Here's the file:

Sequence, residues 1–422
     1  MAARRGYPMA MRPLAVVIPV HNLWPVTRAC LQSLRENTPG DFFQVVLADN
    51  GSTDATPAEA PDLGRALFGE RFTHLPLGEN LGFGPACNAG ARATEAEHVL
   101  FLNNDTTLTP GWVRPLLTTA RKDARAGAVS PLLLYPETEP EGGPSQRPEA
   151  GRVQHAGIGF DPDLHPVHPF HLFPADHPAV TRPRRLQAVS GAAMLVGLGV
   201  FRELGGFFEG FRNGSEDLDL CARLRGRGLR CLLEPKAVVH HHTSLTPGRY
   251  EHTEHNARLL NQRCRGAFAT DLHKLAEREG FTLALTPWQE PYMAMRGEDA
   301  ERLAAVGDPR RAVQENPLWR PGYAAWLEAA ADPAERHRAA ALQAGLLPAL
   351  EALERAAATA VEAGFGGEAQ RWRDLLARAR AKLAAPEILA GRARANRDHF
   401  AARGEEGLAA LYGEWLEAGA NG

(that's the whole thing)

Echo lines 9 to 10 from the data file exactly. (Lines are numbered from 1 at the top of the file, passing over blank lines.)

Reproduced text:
   351  EALERAAATA VEAGFGGEAQ RWRDLLARAR AKLAAPEILA GRARANRDHF
   401  AARGEEGLAA LYGEWLEAGA NG